INTERVIEW: LEWIS SHINER
Many moons ago you told me you tried to barrel through a first draft, get anything down you could, and then go back and craft. Is that still how you go about things?
Yes, pretty much. Rather than do a detailed outline, I prefer to let the characters and situations develop organically within a very rough structure. From this "finished" product I can finally figure out what the story's really about and who the people really are. The second draft then involves digging a lot more deeply into motivation and moment-to-moment events. That leaves the third (and subsequent) drafts to work on the language.
Have you ever tried outlining? If so, what did you discover?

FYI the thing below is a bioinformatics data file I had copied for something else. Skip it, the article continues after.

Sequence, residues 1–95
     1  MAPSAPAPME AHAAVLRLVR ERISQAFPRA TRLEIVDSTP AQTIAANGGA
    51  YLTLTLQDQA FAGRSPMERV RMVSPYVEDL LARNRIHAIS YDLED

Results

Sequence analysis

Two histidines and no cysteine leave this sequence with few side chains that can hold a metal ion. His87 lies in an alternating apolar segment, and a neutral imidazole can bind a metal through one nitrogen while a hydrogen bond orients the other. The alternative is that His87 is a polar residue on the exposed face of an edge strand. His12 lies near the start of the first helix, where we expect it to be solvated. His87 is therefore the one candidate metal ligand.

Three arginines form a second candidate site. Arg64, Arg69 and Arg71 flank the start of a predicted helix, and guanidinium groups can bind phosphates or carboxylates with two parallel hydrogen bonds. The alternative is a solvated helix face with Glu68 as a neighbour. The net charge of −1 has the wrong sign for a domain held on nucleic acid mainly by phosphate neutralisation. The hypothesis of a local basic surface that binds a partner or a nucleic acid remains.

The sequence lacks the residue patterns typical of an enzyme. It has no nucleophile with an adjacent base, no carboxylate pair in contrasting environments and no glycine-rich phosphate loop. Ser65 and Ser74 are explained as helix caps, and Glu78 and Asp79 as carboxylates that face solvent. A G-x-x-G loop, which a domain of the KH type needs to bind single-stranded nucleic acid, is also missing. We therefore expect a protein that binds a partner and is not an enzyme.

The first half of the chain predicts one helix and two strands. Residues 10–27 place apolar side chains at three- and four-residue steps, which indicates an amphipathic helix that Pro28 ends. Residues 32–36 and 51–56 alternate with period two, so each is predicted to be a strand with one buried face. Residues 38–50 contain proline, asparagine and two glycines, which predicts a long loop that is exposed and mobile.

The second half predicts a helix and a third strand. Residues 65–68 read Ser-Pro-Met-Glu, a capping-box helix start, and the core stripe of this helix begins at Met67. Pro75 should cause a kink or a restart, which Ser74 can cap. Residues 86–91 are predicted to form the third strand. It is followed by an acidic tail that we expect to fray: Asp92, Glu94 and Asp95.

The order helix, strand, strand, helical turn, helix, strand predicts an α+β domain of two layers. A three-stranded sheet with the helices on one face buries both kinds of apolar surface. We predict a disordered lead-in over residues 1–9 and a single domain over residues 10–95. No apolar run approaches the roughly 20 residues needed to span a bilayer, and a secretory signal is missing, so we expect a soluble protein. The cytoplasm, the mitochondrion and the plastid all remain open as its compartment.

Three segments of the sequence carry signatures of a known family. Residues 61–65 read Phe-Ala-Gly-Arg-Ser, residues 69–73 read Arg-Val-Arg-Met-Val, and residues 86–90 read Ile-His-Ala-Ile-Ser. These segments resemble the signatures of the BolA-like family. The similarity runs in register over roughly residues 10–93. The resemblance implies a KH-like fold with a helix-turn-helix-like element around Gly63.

I did a lot of outlining early on, but really it's too left-brained an activity for me. It tends to lead me more toward contrivance than toward honesty.
What sort of advice would you give a young writer about the actual writing process?
Retype. It's the best advice I know. I write on a computer, but when I finish a draft I go back and retype the entire thing, then (in the case of novels) retype it again. It gives me a chance to get tired of the sound of my own voice, and forces me to keep the writing as fresh as I can to keep my own interest alive. When people tell me it sounds like too much work, I wonder what they think writing is supposed to be.
LEWIS SHINER's novels include Glimpses, which won the World Fantasy Award, and Slam. This interview first appeared in Rebel Yell (1998).